And almost more important than anything else, if we built a proper hiway on the west side of Waterloo, we could hugely reduce the traffic that floods down University and Erb to the Conestoga Parkway - a hiway that connects major arteries like the 401 with the east side of town.

Before any decisions are made, we need a solid understanding of the neighborhood now and in the future. Think you know everything? This is being built just a couple of blocks away:

Update, January 10, 2014:
I drove down King from Columbia to William last Thursday around 10 PM. In the area from Hickory to Lodge there were masses of people on the snowy sidewalks. The uptown had less than half as many people, even including those at the skating rink in Waterloo Square.

Cell phones > Smartphones > Superphones > ?

Just fooling around here, but with the rapid evolution of smartphone technology, you have to be wondering where it's going.

Earlier this year we learned of an imager chip that lets mobile phones see through walls, clothes, and other objects.

With Square, we see an evolution to peripheral devices that free consumers from the sales cycle of phone manufacturers. (Square sells a little piece of hardware that turns phones into credit card readers.)

And of course, wearable phones are here, currently as glasses or watches.

But we still seem to be just on the cusp of fundamental change. There is emerging technology that lets finger and hand gestures do many things, that lets brain power direct objects without physical intervention, that replaces phone screens with public viewing areas. In five years the paradigm of typing on tiny keyboards and peering at tiny screens may seem ludicrous. More interestingly, there may be a fundamental change in what we do with our mobile devices.

I don't pretend to have any clear view of the future, but I wonder what the social effects will be. Economist Tyler Cowen worries that technological change will kill the middle class, although he doesn't argue the case very convincingly.

The internet was built on porn. More recently, the economic driver of technological change appears to be advertising and its insatiable need for more and better data on consumers. Game developers even talk about the importance of "digital exhaust" - making gold of information previously thought worthless, like how long certain demographics of player linger on a level in a game.

What will happen if data becomes available to everyone - if, just as free access to the internet became seen as a right of humanity, access to data becomes a right? The killer apps of the future could be ones that mine, analyse, present, and use data. That seems like a future I can get excited about.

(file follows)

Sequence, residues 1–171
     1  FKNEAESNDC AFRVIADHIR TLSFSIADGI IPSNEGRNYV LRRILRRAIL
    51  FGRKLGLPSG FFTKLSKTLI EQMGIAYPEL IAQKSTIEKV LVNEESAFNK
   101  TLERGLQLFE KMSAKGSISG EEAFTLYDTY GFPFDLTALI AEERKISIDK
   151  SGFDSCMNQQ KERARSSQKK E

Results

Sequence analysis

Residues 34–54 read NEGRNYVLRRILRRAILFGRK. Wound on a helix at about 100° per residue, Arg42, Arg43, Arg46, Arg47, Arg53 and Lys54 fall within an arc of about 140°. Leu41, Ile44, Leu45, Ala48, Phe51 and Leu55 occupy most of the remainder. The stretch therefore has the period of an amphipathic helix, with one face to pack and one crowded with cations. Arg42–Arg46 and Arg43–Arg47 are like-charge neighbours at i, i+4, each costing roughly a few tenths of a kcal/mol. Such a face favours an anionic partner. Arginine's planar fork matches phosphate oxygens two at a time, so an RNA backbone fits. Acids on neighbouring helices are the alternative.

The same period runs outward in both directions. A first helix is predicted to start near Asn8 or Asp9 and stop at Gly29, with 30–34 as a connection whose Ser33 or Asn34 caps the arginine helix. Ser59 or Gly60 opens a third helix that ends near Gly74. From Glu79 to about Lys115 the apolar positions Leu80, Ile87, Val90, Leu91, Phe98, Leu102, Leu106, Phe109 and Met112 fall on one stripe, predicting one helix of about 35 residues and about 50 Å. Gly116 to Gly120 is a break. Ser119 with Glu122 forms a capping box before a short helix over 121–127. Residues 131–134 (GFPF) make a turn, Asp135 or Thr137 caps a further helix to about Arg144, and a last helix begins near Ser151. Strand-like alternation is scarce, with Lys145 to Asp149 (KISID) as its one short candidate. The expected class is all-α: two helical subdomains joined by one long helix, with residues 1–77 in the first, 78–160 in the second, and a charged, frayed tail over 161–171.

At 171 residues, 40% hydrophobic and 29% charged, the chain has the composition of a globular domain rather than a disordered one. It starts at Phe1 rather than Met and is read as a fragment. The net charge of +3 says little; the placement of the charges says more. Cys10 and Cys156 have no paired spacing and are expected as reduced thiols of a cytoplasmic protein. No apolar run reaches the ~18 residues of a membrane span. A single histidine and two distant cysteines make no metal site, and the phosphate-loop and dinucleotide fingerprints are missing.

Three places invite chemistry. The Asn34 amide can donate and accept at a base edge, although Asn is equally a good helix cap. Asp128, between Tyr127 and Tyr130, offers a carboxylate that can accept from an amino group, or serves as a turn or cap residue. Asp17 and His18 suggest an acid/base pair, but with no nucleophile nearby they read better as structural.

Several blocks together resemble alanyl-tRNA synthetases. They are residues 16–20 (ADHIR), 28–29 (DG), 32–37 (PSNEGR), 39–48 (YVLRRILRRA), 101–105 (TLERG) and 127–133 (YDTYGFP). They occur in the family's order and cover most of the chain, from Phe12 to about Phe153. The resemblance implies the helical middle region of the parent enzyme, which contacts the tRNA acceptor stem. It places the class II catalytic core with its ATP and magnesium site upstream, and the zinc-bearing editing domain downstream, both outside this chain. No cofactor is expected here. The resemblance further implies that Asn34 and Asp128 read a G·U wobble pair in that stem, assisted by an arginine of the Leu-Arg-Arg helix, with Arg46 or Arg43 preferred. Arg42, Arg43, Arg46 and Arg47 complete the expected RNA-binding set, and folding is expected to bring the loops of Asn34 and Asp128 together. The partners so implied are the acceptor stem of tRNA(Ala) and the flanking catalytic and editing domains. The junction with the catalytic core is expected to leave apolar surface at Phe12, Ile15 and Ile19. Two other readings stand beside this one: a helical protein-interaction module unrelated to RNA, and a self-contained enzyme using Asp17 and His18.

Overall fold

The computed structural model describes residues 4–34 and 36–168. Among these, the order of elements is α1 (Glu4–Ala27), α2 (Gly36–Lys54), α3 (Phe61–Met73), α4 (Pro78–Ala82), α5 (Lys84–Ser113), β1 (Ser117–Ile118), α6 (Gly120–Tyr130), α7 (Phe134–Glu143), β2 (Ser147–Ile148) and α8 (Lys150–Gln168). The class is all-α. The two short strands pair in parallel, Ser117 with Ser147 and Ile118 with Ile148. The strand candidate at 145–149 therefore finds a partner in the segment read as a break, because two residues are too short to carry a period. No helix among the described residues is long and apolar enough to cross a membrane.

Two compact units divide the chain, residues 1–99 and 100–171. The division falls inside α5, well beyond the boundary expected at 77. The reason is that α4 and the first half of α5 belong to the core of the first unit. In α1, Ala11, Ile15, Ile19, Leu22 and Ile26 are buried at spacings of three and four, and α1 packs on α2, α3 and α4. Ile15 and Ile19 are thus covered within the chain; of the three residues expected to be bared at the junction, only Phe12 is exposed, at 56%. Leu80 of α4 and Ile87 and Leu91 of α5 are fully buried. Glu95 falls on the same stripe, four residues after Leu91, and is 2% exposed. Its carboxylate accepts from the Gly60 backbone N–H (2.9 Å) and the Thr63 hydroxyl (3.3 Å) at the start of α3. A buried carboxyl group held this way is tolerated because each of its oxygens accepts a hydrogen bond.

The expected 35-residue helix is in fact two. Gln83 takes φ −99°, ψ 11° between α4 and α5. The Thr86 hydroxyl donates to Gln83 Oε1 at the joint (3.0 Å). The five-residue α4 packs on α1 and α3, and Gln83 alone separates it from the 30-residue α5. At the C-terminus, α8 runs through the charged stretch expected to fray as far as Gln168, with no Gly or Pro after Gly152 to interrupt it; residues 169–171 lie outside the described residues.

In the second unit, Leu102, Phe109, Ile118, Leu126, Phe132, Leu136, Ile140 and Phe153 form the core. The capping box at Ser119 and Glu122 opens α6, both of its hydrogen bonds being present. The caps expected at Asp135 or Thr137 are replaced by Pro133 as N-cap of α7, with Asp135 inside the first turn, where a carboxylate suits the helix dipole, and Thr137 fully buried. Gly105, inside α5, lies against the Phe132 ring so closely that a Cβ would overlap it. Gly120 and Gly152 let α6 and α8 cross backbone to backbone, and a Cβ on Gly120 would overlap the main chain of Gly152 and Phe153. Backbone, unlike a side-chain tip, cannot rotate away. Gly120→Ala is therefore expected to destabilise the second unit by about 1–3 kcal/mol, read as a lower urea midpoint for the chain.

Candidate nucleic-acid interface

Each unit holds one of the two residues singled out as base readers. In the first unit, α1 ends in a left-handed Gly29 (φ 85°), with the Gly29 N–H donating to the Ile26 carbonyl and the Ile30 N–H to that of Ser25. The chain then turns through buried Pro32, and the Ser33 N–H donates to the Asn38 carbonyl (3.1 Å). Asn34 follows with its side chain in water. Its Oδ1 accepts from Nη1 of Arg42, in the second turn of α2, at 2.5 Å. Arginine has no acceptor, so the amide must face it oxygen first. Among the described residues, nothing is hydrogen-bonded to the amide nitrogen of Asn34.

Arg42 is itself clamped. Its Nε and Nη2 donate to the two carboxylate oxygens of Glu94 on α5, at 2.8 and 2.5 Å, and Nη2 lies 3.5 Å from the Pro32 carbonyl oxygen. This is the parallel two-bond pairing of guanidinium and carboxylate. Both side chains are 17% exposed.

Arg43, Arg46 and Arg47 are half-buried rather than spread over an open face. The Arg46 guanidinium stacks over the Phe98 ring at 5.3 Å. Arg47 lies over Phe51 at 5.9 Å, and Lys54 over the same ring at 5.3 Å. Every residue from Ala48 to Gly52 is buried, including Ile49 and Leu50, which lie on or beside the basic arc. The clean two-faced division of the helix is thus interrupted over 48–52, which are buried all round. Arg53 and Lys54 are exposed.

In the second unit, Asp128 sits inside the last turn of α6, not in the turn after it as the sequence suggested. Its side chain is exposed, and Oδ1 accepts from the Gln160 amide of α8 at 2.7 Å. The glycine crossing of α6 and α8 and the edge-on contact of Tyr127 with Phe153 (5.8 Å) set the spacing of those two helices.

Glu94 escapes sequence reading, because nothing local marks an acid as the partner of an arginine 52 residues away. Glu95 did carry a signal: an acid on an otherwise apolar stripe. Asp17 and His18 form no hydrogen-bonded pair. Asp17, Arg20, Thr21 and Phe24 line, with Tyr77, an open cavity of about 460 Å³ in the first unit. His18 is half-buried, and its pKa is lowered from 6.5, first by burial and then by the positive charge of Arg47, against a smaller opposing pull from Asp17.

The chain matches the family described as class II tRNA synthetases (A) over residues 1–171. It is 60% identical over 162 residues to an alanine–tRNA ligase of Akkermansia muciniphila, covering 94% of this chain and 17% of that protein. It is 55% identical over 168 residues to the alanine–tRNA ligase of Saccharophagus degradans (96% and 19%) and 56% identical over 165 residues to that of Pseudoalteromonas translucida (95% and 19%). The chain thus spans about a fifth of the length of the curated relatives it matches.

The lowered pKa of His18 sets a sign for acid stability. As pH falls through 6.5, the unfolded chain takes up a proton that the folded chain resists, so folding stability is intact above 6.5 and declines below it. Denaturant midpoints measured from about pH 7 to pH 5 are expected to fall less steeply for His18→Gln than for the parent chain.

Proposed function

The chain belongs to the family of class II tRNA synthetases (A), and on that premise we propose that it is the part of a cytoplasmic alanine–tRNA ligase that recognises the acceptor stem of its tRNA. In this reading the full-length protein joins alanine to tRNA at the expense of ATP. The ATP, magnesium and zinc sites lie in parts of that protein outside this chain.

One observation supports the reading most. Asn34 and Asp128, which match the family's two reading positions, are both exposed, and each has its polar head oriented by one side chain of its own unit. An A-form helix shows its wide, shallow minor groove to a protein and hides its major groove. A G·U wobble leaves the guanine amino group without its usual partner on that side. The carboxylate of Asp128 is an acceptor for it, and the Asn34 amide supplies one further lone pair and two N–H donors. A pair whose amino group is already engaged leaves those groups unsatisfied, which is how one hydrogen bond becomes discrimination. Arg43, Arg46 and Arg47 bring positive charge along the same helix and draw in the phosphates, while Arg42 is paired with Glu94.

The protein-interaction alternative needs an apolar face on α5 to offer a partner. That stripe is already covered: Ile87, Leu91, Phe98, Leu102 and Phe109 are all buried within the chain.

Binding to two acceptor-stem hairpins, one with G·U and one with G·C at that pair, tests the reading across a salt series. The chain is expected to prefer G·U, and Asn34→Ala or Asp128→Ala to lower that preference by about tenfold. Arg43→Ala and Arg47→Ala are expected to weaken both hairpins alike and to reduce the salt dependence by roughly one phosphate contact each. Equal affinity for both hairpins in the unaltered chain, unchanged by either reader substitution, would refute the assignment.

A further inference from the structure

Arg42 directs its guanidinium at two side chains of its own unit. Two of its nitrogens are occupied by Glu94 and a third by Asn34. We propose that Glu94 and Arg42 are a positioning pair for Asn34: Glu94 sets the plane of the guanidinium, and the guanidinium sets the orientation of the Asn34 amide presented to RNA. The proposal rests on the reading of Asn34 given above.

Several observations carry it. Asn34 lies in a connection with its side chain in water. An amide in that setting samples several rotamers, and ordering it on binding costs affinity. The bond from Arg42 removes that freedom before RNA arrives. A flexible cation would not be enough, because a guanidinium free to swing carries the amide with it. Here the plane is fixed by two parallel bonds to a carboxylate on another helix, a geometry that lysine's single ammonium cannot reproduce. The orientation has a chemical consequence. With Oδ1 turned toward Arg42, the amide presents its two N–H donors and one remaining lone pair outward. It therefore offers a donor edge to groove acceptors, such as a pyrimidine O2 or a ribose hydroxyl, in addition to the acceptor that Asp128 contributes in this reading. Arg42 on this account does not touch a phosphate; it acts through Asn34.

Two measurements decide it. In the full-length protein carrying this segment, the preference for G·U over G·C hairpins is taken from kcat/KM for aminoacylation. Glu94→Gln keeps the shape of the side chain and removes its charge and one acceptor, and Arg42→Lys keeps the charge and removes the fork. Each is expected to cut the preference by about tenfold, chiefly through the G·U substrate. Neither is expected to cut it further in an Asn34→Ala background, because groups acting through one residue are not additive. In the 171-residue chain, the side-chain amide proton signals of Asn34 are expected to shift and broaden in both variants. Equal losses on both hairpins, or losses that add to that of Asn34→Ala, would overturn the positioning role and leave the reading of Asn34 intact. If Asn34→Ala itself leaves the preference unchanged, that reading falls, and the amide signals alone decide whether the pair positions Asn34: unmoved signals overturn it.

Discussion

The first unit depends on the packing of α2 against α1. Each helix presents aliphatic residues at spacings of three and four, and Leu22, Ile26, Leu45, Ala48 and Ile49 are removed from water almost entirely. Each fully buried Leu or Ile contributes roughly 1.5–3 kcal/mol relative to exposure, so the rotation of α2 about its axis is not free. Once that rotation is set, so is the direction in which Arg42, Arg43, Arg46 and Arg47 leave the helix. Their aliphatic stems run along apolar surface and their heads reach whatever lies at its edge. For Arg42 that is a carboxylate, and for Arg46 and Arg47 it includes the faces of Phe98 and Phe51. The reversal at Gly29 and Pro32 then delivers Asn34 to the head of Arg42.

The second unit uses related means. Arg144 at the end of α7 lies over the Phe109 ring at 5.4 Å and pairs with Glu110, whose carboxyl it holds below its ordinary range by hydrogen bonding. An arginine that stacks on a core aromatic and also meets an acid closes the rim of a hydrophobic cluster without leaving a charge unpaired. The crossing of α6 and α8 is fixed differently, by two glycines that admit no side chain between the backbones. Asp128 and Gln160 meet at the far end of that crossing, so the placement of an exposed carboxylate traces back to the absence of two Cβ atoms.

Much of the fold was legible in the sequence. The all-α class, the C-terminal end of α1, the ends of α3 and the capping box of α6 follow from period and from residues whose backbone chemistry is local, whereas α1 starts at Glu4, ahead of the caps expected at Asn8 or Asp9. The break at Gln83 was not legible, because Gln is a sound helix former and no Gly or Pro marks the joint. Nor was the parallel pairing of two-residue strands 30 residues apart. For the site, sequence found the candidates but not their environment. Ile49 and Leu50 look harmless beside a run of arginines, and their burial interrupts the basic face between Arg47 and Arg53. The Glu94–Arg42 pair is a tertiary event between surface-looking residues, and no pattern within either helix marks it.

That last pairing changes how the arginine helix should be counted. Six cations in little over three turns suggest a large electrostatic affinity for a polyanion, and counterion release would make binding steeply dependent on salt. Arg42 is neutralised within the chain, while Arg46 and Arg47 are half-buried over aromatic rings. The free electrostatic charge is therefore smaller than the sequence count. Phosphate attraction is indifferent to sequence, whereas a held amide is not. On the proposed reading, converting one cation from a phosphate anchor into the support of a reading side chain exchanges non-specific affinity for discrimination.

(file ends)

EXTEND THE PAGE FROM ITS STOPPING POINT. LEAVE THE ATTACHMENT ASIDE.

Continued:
* * *
This post is cross-posted on my work blog: Focus on Readers

Musings on love and freedom in the Ring Cycle

Wagner's Ring Cycle is about a curse on a ring, but in another (even larger) sense it's about a curse on women. Four women in the four operas are forced to marry and submit to a man against their will.

The first we encounter is Freia, who is Wotan's sister-in-law. Wotan contracts with two giants to build Valhalla, and he agrees that if he is unable to pay he will give them Freia. He never had a way to pay them, so when they demand their money he gives them Freia (to the horror of Freia and her siblings) - but then discovers that the gods will lose their immortality without her, so he steals the Rhine gold to give the giants instead.

In the next opera we encounter Siegmund, who is pursued after trying to free a woman who is being forced into marriage by her brothers. Siegmund seeks refuge in a house, only to discover that his twin sister Sieglinde lives there - they were separated years before when bandits abducted her and forced her into marriage with the cruel Hunding.

Next up is Brunnhilde herself. Daughter of the earth goddess Erda and the sky god Wotan, she is the head of the warrior clan the Walkures. A virgin goddess, no mortal man can meet her gaze and live. But she disobeys Wotan and in punishment he turns her into a mortal, leaving her helpless on a mountain to become the slave of the first man who finds her. She thinks she has broken the curse by convincing Wotan to surround her sleeping form with fire so that only the greatest hero will be able to win her - and that plan seems to work until her hero, Siegfried, is drugged and duped into forcing her to marry another man.